Original Research ARTICLE
Marijuana-derived cannabinoids trigger a CB2/PI3K axis of suppression of the innate response to oral pathogens.
- 1Department of Oral Immunology and Infectious Diseases, School of Dentistry, University of Louisville, United States
- 2Oral Immunology and Infectious Diseases, University of Louisville, United States
Cannabis use is an emergent risk factor for periodontitis, a chronic bacterial-induced disease of the supporting structures of the teeth. However, the mechanisms by which marijuana exposure predisposes to periodontal tissue destruction have yet to be elucidated. Therefore, we examined the influence of physiologically relevant doses of major marijuana-derived phytocannabinoid subtypes (cannabidiol [CBD]; cannabinol [CBN]; and tetrahydrocannabinol [THC], 1.0 μg/ml) on the interactions of three ultrastructurally variant oral pathogens, Porphyromonas gingivalis, Filifactor alocis and Treponema denticola with the immune system. CBD, CBN and THC each suppressed P. gingivalis-induced IL-12 p40, IL-6, IL-8 and TNF release while enhancing the anti-inflammatory cytokine, IL-10 from human innate cells. Similar phenomena were observed in F. alocis- and T. denticola-exposed human monocytes and human gingival keratinocytes. Higher phytocannabinoid doses (5.0 μg/ml) compromised innate cell viability and inhibited the growth of P. gingivalis and F. alocis, relative to unexposed bacteria. T. denticola, however, was resistant to all cannabinoid doses tested (up to 10.0 μg/ml). Pharmaceutical inhibition and efficient gene silencing indicated that a common CB2/PI3K axis of immune suppression is triggered by phytocannabinoids in vitro. This pathway does not appear to perpetuate through the canonical GSK3-dependent cholinergic anti-inflammatory pathway, the predominant endogenous inflammatory control system. In a repetitive, transient oral infection model, CBD also suppressed P. gingivalis-induced innate immune markers in wild-type mice, but not in CB2-/- mice. If such phenomena occur in humans in situ, environmental cannabinoids may enhance periodontitis via direct toxic effects on specific oral bacteria; by compromising innate cell vitality; and/or through a suppressed innate response to periodontal pathogens involving a CB2/PI3K signaling lineage.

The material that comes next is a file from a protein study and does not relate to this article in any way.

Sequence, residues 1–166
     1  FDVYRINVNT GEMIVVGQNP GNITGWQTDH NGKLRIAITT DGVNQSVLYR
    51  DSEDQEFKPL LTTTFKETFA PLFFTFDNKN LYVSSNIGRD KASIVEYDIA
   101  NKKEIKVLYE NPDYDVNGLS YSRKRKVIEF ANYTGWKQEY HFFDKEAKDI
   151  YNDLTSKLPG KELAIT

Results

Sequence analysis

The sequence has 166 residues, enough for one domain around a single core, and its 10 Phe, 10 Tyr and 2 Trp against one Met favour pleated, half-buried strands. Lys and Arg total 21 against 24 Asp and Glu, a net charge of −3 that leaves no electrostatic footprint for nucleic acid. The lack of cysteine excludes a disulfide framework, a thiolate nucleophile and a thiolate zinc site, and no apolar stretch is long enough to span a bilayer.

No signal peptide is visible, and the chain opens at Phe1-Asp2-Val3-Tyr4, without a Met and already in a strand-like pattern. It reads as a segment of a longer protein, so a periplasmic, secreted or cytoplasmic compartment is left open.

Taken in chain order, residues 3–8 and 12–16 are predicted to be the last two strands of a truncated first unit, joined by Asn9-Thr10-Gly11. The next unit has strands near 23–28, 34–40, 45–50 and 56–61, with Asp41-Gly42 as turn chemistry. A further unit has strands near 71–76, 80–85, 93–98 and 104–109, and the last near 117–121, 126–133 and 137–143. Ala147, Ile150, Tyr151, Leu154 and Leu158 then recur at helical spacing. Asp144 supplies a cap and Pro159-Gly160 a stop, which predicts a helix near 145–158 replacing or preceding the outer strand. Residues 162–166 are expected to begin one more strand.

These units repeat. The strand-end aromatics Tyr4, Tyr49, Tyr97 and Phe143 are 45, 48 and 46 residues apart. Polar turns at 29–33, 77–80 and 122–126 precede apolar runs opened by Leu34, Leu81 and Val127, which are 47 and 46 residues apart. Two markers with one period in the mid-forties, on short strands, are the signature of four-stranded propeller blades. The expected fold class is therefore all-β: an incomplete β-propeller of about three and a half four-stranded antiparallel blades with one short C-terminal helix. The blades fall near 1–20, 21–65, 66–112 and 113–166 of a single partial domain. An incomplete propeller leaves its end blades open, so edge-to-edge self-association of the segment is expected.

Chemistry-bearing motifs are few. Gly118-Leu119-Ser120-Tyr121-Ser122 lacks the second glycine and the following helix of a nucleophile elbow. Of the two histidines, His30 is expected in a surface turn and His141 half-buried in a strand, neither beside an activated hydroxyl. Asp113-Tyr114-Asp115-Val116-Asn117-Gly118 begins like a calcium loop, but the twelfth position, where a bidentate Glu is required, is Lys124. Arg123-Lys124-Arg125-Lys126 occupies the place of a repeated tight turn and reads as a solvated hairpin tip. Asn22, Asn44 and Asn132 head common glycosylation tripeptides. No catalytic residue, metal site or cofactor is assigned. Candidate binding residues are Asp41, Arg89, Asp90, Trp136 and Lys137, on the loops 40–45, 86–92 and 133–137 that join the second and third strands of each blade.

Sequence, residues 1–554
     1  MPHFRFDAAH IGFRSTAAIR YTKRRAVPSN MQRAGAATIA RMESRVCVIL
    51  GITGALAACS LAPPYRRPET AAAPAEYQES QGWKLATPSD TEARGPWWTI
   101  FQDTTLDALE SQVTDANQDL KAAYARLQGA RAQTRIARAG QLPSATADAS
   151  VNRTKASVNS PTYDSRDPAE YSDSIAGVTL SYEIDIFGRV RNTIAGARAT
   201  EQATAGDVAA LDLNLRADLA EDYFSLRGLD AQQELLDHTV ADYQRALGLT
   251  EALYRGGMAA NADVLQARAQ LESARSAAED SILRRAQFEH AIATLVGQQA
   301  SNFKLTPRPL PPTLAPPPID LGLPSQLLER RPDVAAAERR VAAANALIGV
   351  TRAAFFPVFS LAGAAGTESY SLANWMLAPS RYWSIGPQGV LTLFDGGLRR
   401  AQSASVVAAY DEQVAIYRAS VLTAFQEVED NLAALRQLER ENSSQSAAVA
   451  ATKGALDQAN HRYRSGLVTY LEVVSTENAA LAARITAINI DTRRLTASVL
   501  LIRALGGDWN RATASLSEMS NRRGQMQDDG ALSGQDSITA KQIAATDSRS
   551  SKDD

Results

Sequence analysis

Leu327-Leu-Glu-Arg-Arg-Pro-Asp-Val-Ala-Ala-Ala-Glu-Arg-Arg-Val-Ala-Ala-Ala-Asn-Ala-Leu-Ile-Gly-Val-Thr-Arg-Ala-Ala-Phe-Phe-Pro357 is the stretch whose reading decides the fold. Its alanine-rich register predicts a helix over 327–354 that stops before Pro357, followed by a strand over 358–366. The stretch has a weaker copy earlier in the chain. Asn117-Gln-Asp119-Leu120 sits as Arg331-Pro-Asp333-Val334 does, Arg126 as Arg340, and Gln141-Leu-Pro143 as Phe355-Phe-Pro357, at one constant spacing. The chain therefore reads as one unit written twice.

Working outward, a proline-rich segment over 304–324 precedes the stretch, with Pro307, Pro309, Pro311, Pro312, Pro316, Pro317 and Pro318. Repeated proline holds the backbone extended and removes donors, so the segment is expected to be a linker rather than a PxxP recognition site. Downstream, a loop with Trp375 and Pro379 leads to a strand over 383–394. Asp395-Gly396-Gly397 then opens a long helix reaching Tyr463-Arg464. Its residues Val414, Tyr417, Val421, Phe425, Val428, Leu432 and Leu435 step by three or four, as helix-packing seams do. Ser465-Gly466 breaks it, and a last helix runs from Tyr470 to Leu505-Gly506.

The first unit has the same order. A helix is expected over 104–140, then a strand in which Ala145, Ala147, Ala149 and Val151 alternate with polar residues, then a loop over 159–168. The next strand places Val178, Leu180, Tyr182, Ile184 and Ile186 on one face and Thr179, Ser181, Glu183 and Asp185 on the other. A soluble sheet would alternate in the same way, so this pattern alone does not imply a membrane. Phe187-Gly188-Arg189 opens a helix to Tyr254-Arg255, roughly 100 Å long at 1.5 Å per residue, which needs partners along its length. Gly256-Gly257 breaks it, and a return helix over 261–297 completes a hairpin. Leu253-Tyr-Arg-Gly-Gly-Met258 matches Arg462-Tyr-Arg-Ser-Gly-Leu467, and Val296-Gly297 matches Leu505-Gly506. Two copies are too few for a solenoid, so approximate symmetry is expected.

Keywords: Cannabinoid receptor type 1 and 2 (CB1, CB2), Filifactor alocis, glycogen synthase kinase (GSKb), Inflammation, phosphatidylinositol 3-phosphate-kinase (PI3K), Phytocannabinoids, Porphyromonas gingivalis, Treponema denticola
Received: 07 Jan 2019;
Accepted: 10 Sep 2019.
Copyright: © 2019 Gu, Singh, Guha, Lamont, Wang, Lamont and Scott. This is an open-access article distributed under the terms of the Creative Commons Attribution License (CC BY). The use, distribution or reproduction in other forums is permitted, provided the original author(s) and the copyright owner(s) are credited and that the original publication in this journal is cited, in accordance with accepted academic practice. No use, distribution or reproduction is permitted which does not comply with these terms.
* Correspondence: Prof. David A. Scott, University of Louisville, Oral Immunology and Infectious Diseases, Louisville, 40292, Ky, United States, email@example.com